FUDiabetes

US Federal HHS goes after medicine rebates to middlemen

We have often discussed the nefarious impact of rebates to middlemen, which is possibly the primary cause of inflated drug prices in the US. It appears that the US Dept of Health and Human Services is now targeting these rebates:

Politico:

[EDIT] I’ll be adding more links as more sites cover the info. But it is not quite as clear-cut as I originally thought. The CNN story shows a more complicated outline for the proposal. And, as @Sam pointed out below, it only directly applies to Medicare/aid, and would need companion legislation to apply to private insurance.

Business Insider, my favorite site for medicine price articles:

The Hill:

CNN:

Washington Post:

Reuters:

Bloomberg:

Wall Street Journal (behind paywall):


[MODS EDIT] This topic is an important one for all of us. But the forum also has a strict line on restricting political discussions to the politics subcat ONLY (which does not update the front page) because of past incidents. For the purpose of this thread:

  • it is perfectly appropriate to discuss the issues and the plans
  • it is not appropriate to discuss political affiliations and calculations. Posts deemed too political will be moved to the politics category.

Please make it possible for us to keep this thread going civilly and intelligently!

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Thank God… although as the article notes, it will require congress to act in order to affect commercial insurers…

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And that right there is the sticky wicket. It is hard to get people who are relying on a big source of money to slay the dragon. I really really hope they do, and it is long overdue, but I am not holding my breath. This is such a no brainer

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And given the current divided government I really don’t expect the house of reps to hand the president a huge political victory like successfully slashing the price of prescription drugs…

The real question will be when will we return to a moderate government and actually get ■■■■ done. While I have my personal beliefs, I also realize that too far to either side is a recipe for disaster. That used to be what made America great. finger crossed it becomes that way again.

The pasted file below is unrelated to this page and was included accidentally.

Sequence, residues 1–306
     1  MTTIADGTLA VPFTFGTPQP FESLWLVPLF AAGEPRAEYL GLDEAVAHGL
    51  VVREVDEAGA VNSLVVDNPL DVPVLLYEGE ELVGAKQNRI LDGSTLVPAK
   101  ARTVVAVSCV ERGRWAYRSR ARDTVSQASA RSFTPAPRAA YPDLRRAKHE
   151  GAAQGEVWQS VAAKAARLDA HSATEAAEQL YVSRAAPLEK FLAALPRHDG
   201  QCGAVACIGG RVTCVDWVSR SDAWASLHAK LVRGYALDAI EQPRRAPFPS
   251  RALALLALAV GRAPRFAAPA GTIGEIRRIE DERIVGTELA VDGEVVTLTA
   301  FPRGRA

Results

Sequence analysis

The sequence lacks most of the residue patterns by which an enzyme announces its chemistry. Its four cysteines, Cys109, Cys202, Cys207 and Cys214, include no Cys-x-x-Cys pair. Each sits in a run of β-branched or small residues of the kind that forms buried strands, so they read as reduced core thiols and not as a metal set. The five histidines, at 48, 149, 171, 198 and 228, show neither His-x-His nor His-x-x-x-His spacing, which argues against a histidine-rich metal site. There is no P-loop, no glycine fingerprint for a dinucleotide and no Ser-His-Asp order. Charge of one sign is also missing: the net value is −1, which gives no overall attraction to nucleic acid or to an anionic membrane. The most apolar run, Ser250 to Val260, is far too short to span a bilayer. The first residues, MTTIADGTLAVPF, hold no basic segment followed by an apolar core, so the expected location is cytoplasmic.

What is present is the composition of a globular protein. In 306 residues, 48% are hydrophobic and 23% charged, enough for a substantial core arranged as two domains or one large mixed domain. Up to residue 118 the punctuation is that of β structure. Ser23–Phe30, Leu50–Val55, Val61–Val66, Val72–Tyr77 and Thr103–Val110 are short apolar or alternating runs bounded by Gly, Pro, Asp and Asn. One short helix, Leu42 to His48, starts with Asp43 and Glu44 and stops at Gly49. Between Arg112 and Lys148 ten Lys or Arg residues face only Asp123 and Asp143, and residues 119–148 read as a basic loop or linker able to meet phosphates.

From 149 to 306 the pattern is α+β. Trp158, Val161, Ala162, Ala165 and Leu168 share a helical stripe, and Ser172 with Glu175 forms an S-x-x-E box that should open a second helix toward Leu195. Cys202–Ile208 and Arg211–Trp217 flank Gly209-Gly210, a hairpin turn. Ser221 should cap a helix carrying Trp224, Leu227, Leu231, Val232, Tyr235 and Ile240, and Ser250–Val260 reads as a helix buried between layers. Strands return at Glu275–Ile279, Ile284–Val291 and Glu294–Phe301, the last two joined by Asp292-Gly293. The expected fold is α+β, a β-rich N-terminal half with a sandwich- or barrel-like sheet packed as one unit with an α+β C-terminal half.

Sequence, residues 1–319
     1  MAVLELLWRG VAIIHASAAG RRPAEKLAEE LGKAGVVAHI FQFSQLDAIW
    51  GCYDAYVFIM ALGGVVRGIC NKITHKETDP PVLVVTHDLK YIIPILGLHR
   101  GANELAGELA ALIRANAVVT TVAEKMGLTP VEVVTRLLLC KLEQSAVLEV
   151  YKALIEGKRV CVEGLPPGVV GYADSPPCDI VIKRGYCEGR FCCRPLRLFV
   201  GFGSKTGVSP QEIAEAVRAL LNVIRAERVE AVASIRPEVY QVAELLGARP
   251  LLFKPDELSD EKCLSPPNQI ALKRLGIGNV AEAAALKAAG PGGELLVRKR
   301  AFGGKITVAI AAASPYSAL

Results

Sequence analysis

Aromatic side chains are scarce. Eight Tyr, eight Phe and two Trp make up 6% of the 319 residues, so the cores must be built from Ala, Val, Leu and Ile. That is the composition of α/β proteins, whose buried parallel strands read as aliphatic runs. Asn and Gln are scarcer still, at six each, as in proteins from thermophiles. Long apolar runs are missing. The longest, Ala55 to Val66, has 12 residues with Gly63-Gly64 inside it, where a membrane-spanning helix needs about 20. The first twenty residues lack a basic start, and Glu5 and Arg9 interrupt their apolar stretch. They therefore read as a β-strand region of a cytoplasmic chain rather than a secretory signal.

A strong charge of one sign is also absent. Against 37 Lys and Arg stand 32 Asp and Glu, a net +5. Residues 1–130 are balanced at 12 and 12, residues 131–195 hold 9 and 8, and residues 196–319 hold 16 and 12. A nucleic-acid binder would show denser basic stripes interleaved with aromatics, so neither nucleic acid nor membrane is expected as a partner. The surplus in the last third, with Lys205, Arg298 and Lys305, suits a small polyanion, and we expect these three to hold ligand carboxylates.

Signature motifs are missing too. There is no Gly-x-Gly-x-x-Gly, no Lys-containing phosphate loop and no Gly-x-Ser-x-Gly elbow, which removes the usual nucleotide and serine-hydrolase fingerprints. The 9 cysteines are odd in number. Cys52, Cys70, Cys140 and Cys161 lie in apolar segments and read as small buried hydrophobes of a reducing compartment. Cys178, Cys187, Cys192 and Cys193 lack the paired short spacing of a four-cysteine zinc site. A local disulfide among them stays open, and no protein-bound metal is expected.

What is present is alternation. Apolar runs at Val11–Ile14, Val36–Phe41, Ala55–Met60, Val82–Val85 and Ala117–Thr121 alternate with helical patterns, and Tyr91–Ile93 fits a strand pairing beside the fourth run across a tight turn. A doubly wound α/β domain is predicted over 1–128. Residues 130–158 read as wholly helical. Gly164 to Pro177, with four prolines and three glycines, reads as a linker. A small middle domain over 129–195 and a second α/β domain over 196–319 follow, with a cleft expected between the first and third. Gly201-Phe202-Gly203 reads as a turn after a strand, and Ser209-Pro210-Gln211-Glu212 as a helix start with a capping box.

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Term limits would help

I will not say it. I will not say it.

Joking aside, I think currently both political parties are so interested in proving the other one wrong that neither one is capable of coming together to pass something like this that’d truly benefit the American people.

Unfortunately, a government that can “get things done” is what put us into this position in the first place. It was a bipartisan vote for the Medicare Modernization Act in 2003 that prevented Medicare/Medicaid from negotiating prices with drug companies. Although most of the blame goes to the Republicans (since they controlled both houses of congress and Bush was president who signed it into law), the vote had enough Democratic support to make it necessary to spread the blame around (11 of 54 Yea votes from Democrats in the senate; 9 of 216 Yea votes from Democrats in the house). https://www.congress.gov/bill/108th-congress/house-bill/1/all-actions?overview=closed&q=%7B%22roll-call-vote%22%3A%22all%22%7D

Term limits might help, but fixing the money that flows into political election campaigns and the revolving door from congressperson to lobbyist is probably the only real fix. It certainly wasn’t in the best interest of all of us who require medications to survive in this country, and every person who voted for it and signed it into law knew that.This bill never would have passed if not for the huge amount of money going to both parties from the Drug industry.

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So could that lead to the non govt plans pick up the full load of what is reduced from those plans, and drug companies and PBMs still win.